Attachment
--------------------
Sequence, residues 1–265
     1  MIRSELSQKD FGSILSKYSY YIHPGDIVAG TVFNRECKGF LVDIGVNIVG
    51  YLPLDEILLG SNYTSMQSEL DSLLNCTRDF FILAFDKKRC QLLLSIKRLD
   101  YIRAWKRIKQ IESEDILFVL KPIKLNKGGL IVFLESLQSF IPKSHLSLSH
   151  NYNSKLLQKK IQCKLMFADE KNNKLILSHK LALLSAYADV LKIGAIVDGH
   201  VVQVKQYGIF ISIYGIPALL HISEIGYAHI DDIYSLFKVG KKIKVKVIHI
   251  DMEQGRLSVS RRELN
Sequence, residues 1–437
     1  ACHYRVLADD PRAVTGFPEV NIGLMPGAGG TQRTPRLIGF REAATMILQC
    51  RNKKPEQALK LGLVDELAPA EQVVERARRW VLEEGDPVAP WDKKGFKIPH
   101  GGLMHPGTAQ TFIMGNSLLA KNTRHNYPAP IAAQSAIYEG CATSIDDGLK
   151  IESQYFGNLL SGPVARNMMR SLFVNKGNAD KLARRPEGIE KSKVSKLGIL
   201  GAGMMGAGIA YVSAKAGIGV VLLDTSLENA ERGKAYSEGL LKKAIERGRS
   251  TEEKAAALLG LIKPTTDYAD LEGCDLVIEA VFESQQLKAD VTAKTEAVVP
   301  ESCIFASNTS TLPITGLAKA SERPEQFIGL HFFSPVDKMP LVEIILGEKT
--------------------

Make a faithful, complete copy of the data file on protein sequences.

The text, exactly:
Sequence, residues 1–265
     1  MIRSELSQKD FGSILSKYSY YIHPGDIVAG TVFNRECKGF LVDIGVNIVG
    51  YLPLDEILLG SNYTSMQSEL DSLLNCTRDF FILAFDKKRC QLLLSIKRLD
   101  YIRAWKRIKQ IESEDILFVL KPIKLNKGGL IVFLESLQSF IPKSHLSLSH
   151  NYNSKLLQKK IQCKLMFADE KNNKLILSHK LALLSAYADV LKIGAIVDGH
   201  VVQVKQYGIF ISIYGIPALL HISEIGYAHI DDIYSLFKVG KKIKVKVIHI
   251  DMEQGRLSVS RRELN
Sequence, residues 1–437
     1  ACHYRVLADD PRAVTGFPEV NIGLMPGAGG TQRTPRLIGF REAATMILQC
    51  RNKKPEQALK LGLVDELAPA EQVVERARRW VLEEGDPVAP WDKKGFKIPH
   101  GGLMHPGTAQ TFIMGNSLLA KNTRHNYPAP IAAQSAIYEG CATSIDDGLK
   151  IESQYFGNLL SGPVARNMMR SLFVNKGNAD KLARRPEGIE KSKVSKLGIL
   201  GAGMMGAGIA YVSAKAGIGV VLLDTSLENA ERGKAYSEGL LKKAIERGRS
   251  TEEKAAALLG LIKPTTDYAD LEGCDLVIEA VFESQQLKAD VTAKTEAVVP
   301  ESCIFASNTS TLPITGLAKA SERPEQFIGL HFFSPVDKMP LVEIILGEKT